Tuesday, December 30, 2014

Uber apologizes to Sydney for surge pricing during the Sydney Siege

Ben Greiner writes from down under:

Here is something interesting, I am not sure if you followed the story. During the Sydney Siege last week, when companies closed down their offices and sent people home, Uber's price mechanism kicked in and raised Uber cab prices to get out of the city to as much as $200. People found that very repugnant, even though Uber argued that the high prices would increase cab supply when it was needed in such difficult moments ... Anyway, Uber just sent below email to its customers about 2 days ago.

Here is also an article arguoing that in general people do not like variable pricing.

Cheers from Sydney


---------- Forwarded message ----------
From: David at Uber Sydney <supportsydney@uber.com>
Date: Wed, Dec 24, 2014 at 9:34 AM
Subject: An apology
To: bgreiner.mail@gmail.com

The events of last week in Sydney were upsetting


The events of last week in Sydney were upsetting for the whole community and we are truly sorry for any concern that our process may have added. 
Our priority was to help get as many people out of the CBD safely in the midst of a fast-moving event. The decisions we made were based only on helping to achieve this but we communicated this poorly, leading to a lot of misunderstanding about our motivations.
Surge pricing is algorithmic and kicks in automatically when demand for rides outstrips the supply of cars that are on the road. This encourages more drivers to the area where people are requesting rides. As an increasing number of people were requesting rides that morning in the CBD, surge pricing came into effect automatically and this is when you might have seen higher prices.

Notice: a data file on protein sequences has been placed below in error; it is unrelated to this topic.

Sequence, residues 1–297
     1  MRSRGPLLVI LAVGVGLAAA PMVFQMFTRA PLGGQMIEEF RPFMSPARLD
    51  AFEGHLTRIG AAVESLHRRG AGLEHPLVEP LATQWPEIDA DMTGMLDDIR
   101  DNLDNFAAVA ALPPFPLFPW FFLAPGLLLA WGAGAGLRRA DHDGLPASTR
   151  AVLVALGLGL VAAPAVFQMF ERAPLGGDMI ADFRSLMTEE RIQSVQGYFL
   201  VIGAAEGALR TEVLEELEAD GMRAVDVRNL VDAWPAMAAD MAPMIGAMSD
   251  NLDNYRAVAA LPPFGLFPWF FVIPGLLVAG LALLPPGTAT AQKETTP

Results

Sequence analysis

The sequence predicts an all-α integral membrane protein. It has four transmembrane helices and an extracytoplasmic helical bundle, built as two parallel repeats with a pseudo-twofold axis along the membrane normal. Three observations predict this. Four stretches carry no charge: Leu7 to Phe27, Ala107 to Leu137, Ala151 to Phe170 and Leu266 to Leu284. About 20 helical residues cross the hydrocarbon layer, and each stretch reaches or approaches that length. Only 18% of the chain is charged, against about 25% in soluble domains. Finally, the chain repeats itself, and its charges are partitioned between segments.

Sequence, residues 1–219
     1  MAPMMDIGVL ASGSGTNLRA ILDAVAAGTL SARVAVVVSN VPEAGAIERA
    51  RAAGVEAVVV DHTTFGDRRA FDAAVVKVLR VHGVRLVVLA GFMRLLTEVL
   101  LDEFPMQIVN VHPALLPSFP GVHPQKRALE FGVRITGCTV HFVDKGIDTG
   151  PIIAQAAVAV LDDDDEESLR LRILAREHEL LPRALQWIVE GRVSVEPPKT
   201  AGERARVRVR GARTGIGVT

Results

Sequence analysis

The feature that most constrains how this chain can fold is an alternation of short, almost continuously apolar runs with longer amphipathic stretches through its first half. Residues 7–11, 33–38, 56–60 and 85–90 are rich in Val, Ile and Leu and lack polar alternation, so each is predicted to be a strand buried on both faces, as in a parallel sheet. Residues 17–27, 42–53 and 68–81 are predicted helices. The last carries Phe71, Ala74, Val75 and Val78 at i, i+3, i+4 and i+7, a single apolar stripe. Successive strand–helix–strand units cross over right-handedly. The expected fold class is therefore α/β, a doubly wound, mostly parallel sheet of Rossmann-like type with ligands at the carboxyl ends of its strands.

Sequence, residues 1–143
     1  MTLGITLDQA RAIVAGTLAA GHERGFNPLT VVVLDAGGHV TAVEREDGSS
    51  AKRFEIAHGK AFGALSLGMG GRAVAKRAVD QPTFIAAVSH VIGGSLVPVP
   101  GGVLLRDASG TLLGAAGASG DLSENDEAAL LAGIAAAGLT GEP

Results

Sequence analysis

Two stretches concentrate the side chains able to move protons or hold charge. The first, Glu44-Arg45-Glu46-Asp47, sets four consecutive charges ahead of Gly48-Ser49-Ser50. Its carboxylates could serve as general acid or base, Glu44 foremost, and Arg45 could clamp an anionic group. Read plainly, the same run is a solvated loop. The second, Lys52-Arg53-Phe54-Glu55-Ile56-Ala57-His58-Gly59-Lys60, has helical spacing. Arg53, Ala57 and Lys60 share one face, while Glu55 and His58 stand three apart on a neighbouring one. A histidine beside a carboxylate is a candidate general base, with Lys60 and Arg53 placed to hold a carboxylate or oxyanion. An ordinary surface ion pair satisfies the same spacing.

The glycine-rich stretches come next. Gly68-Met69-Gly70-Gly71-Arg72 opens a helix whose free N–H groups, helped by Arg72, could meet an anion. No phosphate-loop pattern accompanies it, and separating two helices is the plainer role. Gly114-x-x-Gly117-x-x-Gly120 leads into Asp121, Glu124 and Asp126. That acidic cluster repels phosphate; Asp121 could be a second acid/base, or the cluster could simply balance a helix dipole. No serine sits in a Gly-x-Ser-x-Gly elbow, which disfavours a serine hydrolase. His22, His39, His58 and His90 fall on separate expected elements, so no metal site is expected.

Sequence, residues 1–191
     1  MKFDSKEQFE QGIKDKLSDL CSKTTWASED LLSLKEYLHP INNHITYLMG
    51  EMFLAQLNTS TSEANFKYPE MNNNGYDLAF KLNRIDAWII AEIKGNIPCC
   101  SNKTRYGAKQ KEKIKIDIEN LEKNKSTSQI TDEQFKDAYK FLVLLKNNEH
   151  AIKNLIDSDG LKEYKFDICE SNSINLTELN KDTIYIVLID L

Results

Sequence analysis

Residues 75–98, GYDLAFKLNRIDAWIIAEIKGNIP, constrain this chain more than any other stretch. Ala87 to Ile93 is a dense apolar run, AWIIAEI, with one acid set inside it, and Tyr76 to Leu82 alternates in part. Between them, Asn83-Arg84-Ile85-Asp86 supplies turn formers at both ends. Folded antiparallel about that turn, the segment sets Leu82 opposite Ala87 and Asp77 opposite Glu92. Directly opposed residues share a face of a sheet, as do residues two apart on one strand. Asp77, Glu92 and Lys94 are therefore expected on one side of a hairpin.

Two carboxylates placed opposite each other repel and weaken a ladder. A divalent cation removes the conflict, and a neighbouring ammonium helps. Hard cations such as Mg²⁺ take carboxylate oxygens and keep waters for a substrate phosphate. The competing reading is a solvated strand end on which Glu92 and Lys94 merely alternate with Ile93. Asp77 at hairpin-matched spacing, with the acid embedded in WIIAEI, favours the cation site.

We didn't stop surge pricing immediately. This was the wrong decision. We quickly reversed course and provided free rides to people needing to leave the CBD. In the end, no rider was charged to leave the CBD on Monday and all higher fares resulting from surge pricing earlier in the day were fully refunded.
It's unfortunate that the perception is that Uber did something against the interests of the public. We certainly did not intend to. We will learn from this incident and improve as a result of this lesson. Uber is committed to ensuring users have a reliable ride when they need it most - including and especially during disasters and relevant states of emergency. We take our community commitment very seriously in the 250+ cities Uber serves around the globe.
Please know that we have listened to the feedback and we are working to standardise a global policy to ensure we're serving communities in the most efficient, effective and helpful way possible at all times. Our thoughts and prayers remain with the victims' families, those that were injured and the Sydney community of which we are so proud to be a part.
Have a happy holidays, 
David and the team at Uber Sydney 

1 comment:

Ortan Steve said...

In the event that there are an excess of uber drivers, wouldnt the expense for a uber auto go down drastically? Yes, Uber costs are lower than taxicabs in non-surge times.